I cannot argue with the latter.

Most fundies are very smart. They know exactly the game they’re playing. If they underperform in the next 12 months, say goodbye to a whole lot of clients.

It’s why they feel they need to try and time the market.

If tech stocks are raging ahead and you don’t jump on that train, valuable or not, you fall behind the pack (in the short-term) and risk losing a whole lot of money.

Need more convincing?

Just take a look at what Lachlan MacGregor of Alphinity Investment Management wrote in June this year:

Technology has had a dream run over the last year, up 34% in the 12 months to last Friday and beating the index by 17%. Apple, Alphabet (Google), Amazon, Facebook and Microsoft accounted for almost 40% of the performance of the S&P 500 index year to date.

If you were underweight Technology, and in particular these mega-capitalisation FANG stocks, you probably underperformed the index. Banks, the winning sector in Q4 2016, [have] underperformed the market by 6% since the start of the year.

As a result investor positioning in Technology shares is at extreme levels with investors crowding into these winners. The sell-off on Friday was concentrated around the best performing, highly liquid mega-cap stocks as they were the easiest stocks to sell quickly. It is interesting that the selling on Wednesday and Thursday was more broadly based across the whole sector.

Fund manager Jim Cramer said more or less the same thing in September. Fundies were trying to time their profits and jump onto the next rising sector.

This sell-off is all about the mechanics of the money management business. As I told you in Tuesday[’s] show, high-flying tech stocks tend to get hit in September as people try to take profits before someone else takes them for you.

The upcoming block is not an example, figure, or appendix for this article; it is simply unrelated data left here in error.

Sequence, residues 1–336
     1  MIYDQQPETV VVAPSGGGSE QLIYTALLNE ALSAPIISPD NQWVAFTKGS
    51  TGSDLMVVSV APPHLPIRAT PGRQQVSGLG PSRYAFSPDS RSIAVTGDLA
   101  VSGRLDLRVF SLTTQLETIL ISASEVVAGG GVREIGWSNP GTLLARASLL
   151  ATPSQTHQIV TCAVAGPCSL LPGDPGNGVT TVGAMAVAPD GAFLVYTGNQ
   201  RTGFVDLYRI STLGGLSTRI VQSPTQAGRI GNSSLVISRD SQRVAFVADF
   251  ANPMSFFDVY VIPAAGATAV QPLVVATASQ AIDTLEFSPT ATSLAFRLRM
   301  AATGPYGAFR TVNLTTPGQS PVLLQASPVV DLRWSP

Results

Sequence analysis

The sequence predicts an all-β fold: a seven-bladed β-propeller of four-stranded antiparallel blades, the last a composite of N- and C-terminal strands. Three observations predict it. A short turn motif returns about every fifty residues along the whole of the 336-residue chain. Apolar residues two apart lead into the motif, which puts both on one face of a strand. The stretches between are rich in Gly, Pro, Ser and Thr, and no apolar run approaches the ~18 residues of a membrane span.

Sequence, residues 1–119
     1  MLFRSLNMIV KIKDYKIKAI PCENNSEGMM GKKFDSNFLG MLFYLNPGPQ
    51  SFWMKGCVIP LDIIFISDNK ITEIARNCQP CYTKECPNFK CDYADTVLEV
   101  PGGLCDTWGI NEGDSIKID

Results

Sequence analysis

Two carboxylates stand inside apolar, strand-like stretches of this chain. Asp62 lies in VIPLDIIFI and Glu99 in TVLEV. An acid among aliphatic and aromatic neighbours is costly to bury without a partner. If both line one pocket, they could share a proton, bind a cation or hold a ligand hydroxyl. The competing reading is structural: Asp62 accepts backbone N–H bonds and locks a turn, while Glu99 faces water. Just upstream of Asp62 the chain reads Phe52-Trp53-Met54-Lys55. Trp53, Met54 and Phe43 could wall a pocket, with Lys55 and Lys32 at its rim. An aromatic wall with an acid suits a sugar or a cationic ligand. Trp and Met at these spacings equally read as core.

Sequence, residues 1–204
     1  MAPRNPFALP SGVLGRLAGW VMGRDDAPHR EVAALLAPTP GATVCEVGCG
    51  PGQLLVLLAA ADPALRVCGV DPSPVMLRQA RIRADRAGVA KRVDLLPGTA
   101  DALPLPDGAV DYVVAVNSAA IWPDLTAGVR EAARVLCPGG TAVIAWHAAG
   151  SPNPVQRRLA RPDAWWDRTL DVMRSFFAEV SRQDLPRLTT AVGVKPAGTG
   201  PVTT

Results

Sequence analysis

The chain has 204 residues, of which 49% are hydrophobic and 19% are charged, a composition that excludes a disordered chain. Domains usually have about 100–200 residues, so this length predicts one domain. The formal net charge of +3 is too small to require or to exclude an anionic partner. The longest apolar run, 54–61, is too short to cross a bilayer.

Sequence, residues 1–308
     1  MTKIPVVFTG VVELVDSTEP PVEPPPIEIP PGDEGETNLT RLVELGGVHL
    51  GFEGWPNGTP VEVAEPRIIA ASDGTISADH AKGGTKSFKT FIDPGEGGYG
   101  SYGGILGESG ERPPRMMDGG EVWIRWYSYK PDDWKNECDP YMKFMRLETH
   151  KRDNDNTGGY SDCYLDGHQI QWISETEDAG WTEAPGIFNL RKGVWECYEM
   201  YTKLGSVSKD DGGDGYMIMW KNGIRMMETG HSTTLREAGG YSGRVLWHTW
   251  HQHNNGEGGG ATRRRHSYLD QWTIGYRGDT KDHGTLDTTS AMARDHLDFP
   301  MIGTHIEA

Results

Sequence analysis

The market is there to serve not instruct

Of course, there’s nothing wrong with trying to time the market, even though it fails to outperform.

The problem I have is that many managers aren’t willing to admit this is what they’re doing: betting on when a sector will rise or fall.

The reason they don’t is because there so much academic evidence showing how terrible market timing can be.

I’m not telling you to buy the FAANGs, or even a majority of tech stocks right now. But I think you’ll find it helpful if you stop looking for reasons why stocks are rising or falling.

Many of the reasons tossed out by fundies and market commentators are just excuses. And they use them to justify why they’re jumped out of tech stocks.

It’s not because those stocks are falling and they will push the fund’s performance behind the average. It’s because of high PEs, rising bond yields and all that jazz.

Remember, the market is there to serve you, not instruct you.

Each day it throws prices at you. And you can decide whether to buy or sell.

Sometimes these prices are ridiculously low. And that’s when you’ve got to load up.

Most of the time however, you won’t know whether a price is low or high. It’ll be somewhere in the middle. And that’s when you’ve got to keep searching for undiscovered opportunities.

All you really need is a few good investments. In the extreme case (Captain Hoff’s case), all you might need is one.

Your friend,

Harje Ronngard